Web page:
Audi FIS World Cup - Women's Downhill Training

Julia Mancuso improves but U.S. women lag behind favorites in Altenmarkt downhill (video)

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The women wearing the label of Olympic medal favorites definitely looked the part.

A challenge to that supremacy from the Americans is looking less like a sure thing.

Austria’s Elisabeth Goergl and Anna Fenninger thrilled the opening crowd with a 1-2 finish ahead of overall points leader Maria Hoefl-Riesch of Germany and rising star Tina Weirather of Liechtenstein in the fifth downhill race of the World Cup season Saturday in Altenmarkt, Austria.

Meanwhile, the struggles continued for the U.S. women on the whole as they failed once again to reach the podium as the clock ticked to 27 days until the start of the Winter Olympics. There was a bright spot however, as Julia Mancuso put down some of her best skiing of the season and finished 13th.

The American women came into the season as the top-ranked speed unit in the world but have collectively looked lost throughout the first half of the World Cup and have fallen well short of lofty expectations.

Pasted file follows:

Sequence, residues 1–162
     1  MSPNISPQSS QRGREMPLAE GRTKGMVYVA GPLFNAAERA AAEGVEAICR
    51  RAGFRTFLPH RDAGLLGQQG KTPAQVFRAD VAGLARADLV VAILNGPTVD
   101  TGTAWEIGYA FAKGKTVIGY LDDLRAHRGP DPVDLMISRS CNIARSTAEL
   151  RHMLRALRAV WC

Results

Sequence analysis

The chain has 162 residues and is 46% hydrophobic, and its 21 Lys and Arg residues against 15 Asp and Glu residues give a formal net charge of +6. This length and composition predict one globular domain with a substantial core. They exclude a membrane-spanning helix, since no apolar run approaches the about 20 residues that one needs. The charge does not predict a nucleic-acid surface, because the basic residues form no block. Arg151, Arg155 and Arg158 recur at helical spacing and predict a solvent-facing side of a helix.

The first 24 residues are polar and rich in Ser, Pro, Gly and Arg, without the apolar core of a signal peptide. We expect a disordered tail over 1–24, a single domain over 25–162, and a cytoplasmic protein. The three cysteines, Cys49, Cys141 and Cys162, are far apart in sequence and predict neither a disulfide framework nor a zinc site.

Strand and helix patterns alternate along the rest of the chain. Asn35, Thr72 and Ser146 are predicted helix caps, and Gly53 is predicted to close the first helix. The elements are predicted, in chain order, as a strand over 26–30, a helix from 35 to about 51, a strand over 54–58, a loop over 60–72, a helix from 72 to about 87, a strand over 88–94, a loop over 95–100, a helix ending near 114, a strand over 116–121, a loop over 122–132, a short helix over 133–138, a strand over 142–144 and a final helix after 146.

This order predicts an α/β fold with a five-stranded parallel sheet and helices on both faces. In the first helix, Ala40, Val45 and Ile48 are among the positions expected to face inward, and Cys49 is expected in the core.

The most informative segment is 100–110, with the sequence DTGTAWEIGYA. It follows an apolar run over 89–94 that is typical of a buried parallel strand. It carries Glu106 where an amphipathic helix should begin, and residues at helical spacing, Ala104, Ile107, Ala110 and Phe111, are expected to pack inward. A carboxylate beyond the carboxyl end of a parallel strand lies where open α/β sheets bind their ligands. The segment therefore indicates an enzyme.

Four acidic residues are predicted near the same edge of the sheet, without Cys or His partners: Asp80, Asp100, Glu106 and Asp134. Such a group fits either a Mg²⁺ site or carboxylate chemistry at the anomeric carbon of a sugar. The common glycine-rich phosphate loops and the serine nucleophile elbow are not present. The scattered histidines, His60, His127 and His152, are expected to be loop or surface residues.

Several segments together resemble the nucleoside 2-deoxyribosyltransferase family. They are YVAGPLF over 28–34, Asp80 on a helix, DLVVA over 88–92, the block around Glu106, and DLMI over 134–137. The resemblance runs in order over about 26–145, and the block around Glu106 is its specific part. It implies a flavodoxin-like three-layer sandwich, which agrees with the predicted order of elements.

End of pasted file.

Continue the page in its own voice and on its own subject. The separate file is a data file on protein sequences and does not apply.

Six U.S. women reached a World Cup podium in at least one speed event last season. None have done so this season, and two, Lindsey Vonn and Alice McKennis, are now out of Olympic consideration with knee and leg injuries.

The closest anyone has come to a podium was on Dec. 8 when Leanne Smith finished sixth in the super-G at Lake Louise on Dec. 8. Stacey Cook’s best result is a 12th-place finish in the downhill in Lake Louise on Dec. 7. Mancuso’s best effort in a speed event was her 17th-place finish in the super-G at Lake. Since the opening race of the season, the Beaver Creek downhill on Nov. 29, Laurenne Ross hadn’t finished inside the Top 22.